Discover more from Random Minds by Katherine Brodsky
Word Misappropriation: PRIVILEGE
A verbal series. Part 2.
[Part of an on-going series on word misappropriation]
Traditionally, privilege is defined as a certain advantage that a person or a group of people may have over others.
In the House of Commons, to check one’s privilege actually used to mean that your constitutional rights and immunities ensured that you couldn’t be sued for what was said in the House—it allowed for the free exchange of ideas that are so key to a democracy. It was a good thing.
I’m not exactly sure how or why it happened, but seemingly overnight people began to accuse others of having privilege, speaking from a privileged position, or demanding that they “check” their privilege, all with the consequence of silencing the other—presumably more powerful person. Something has clearly shifted in our cultural consciousness and over the past few years we can’t stop discussing the idea of privilege. Except, privilege is being increasingly framed in the context of uncontrollable characteristics like race or gender. And there’s this underlying inherent assumption that all members of that particular group share these privileges equally, with no regard for individual circumstances.
It may come as a shock—especially to those who casually chose to assume I was spoiled and wealthy based on my Jewish background, but growing up, I didn’t think that my existence was a particularly privileged one. Not only was I the child of immigrants, I am one myself, having shuffled around three rather different universes by the time I’ve reached my teens. English was my third language and I was never the kid with the latest Nike shoes. Not even close.
The first regime, in which I happen to be born, my family was forced to escape pretty much empty-handed. My parents had to work exceptionally hard to provide for their family (adorable child in tow)—taking on the most menial of jobs just to provide a roof over our heads. Throughout their early lives they were subjected to brutal (and truly systematic) discrimination, a scarcity of goods, and I imagine that dropping everything to start a new life—twice—was certainly far from easy. But, they worked hard, had sharp minds, and had applied themselves in school. They’ve managed to build a life for themselves and their family. And so I’ve been fortunate to stumble onto a measure of privilege with some importance: education.
There are many other privileges out there, too, of course. Class, seems like a rather decisive one as far as someone’s future goes. Upbringing and family life. Mental health. Physical ability and fitness. Intellectual ability. Political power. Wealth. Charisma, even. And some of the things that are seen as privileges today were built on the sacrifices of parents like mine, looking out for the futures of their children. But, to reference Animal Farm, all privileges are equal but some privileges are more equal than others. And to that extent, as of late, there’s no privilege that gets more airplay than the privilege of race.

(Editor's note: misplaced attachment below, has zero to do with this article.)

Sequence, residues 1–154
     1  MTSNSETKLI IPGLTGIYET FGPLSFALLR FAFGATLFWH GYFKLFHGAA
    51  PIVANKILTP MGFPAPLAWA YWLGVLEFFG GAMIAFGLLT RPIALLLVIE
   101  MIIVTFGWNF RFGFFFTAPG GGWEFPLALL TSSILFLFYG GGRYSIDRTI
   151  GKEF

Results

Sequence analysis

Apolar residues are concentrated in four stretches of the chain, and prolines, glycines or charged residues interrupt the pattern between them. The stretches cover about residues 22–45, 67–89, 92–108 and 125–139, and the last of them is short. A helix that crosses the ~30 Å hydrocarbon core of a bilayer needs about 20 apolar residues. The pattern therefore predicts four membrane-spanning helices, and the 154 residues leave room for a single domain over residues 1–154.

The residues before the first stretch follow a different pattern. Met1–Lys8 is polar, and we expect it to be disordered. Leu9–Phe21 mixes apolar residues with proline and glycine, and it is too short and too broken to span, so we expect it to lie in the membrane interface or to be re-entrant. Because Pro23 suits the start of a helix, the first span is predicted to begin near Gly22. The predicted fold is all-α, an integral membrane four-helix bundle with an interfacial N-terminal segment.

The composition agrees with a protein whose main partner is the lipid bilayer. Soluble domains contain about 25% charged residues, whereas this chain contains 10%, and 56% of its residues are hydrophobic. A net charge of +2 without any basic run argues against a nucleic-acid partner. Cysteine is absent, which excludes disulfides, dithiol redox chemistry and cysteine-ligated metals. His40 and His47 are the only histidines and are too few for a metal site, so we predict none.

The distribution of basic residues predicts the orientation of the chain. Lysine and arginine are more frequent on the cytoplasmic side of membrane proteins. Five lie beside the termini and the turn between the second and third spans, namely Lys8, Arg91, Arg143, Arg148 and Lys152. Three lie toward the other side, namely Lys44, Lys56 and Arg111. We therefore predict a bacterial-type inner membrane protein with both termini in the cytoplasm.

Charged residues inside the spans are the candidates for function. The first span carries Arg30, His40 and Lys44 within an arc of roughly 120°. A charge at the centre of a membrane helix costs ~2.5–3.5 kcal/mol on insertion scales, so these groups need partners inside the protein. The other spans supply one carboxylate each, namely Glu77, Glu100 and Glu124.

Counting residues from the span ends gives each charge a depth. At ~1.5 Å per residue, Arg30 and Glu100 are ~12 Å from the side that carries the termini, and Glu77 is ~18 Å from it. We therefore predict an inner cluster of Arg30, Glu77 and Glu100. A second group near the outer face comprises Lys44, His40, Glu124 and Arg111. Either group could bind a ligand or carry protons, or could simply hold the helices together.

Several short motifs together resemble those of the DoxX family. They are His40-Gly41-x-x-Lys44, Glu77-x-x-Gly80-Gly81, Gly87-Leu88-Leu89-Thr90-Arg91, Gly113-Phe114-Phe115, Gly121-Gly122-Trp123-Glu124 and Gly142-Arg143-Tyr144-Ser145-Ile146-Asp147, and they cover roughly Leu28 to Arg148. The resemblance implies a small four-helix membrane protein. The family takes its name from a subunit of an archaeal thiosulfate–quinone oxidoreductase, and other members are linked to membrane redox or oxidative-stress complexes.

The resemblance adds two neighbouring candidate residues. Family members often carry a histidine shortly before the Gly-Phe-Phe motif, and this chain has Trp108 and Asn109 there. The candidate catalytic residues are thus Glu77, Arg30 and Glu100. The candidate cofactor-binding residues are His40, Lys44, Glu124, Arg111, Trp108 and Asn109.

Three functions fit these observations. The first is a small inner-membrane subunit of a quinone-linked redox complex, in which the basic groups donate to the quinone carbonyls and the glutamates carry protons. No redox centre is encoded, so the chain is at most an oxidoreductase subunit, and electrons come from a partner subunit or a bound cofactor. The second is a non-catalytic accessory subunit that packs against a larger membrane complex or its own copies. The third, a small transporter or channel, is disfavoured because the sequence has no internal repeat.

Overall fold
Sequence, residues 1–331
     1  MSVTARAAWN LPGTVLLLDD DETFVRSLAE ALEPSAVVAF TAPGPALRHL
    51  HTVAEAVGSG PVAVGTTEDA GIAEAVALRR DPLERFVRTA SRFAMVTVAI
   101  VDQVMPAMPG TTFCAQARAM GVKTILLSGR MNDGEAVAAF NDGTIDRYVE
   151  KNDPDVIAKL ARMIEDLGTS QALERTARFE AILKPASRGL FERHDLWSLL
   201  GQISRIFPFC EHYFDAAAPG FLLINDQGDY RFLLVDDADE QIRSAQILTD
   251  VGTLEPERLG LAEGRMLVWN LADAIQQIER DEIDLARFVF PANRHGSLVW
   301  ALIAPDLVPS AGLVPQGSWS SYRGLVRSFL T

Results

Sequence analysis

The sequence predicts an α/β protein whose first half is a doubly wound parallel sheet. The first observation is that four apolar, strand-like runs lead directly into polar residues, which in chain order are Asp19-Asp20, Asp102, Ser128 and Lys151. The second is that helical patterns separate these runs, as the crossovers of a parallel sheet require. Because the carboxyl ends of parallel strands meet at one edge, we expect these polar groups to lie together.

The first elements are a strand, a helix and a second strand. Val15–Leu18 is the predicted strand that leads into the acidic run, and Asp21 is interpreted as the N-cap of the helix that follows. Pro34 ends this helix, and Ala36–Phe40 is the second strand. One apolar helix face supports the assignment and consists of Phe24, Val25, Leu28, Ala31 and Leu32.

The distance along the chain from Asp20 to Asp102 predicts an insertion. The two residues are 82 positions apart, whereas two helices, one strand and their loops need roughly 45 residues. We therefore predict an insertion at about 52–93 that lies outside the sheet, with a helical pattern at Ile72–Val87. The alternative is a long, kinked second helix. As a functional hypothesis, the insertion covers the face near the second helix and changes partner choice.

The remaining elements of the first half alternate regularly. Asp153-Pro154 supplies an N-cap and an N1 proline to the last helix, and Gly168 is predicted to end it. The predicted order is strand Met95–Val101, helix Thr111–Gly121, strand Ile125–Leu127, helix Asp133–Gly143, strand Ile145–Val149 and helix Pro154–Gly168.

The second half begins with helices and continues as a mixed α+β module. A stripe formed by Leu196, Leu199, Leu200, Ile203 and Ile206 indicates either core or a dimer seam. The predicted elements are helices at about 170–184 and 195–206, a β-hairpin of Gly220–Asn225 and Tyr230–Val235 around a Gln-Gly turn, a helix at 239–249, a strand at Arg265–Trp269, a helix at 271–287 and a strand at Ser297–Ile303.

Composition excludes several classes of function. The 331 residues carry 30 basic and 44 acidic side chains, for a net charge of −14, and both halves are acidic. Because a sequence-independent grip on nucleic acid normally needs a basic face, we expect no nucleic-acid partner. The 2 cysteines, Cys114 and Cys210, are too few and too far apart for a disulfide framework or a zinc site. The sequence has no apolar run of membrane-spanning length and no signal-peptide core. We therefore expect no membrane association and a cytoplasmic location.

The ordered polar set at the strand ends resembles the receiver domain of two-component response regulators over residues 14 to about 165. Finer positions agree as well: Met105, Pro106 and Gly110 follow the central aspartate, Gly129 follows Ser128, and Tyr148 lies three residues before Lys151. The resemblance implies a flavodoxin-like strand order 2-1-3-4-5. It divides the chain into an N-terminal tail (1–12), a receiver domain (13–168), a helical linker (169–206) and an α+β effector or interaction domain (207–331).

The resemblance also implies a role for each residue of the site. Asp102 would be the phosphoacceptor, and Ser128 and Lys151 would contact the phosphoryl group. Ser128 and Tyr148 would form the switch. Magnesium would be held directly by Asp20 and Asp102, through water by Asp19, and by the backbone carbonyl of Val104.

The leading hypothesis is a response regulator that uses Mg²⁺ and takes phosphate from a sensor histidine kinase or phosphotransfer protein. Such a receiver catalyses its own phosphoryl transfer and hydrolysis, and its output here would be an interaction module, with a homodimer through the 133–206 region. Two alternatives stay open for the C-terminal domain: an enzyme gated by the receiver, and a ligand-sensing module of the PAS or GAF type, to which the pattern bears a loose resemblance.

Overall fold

Once the conversation veers to someone’s supposed “white privilege” — it becomes nearly impossible to discuss anything else. If you refer to the Google overlords, you’ll find countless guides on how to talk about your “white privilege” when you have it. Why it must be so difficult for you to admit to it. And, like in any recovery program, the first step is admitting that you have a problem.
This isn’t to say that there’s no discrimination towards people based on the color of their skin. The unfortunate reality is that of course there is. Although, I’d like to believe that it’s getting better, not worse—despite what the headlines might say. (Once upon a time, there were signs in the parks that said: “No Blacks or Jews allowed.” Fortunately, as a society, we’ve made many steps forward from that sick reality).
But someone’s privilege or lack-of doesn’t come down to one thing. Life isn’t always fair and we are not all gifted equally. We have no control over what we happen to be born with. What we all are, however, are individuals with complex backgrounds, histories, and issues. We all have things day-to-day that help us and things that hold us back. Things that most people don’t even know about us. To distill someone into one category, just because they happen to fit into one group identity, does a disservice to their humanity and also keeps us from addressing the multitudes of issues that people face in a nuanced, helpful manner. One that has us working together, instead of forcing people to apologize for perceived privileges they can’t help but have.
And just because someone has an advantage in one area, doesn’t automatically make everyone else oppressed. Perhaps it is that vision that has allowed it to be acceptable to weaponize the word “privilege” in order to silence those saying something disagreeable. If they are seen as oppressors, perhaps it’s only right to shut them down. But instead, we should striving to judge people as individuals based on their thoughts, actions, and words — not unshakable characteristics like race, gender, or sexual orientation. Privileges are the diversity of who we are. The ultimate privilege is being able to learn from each other. That’s one privilege we all have.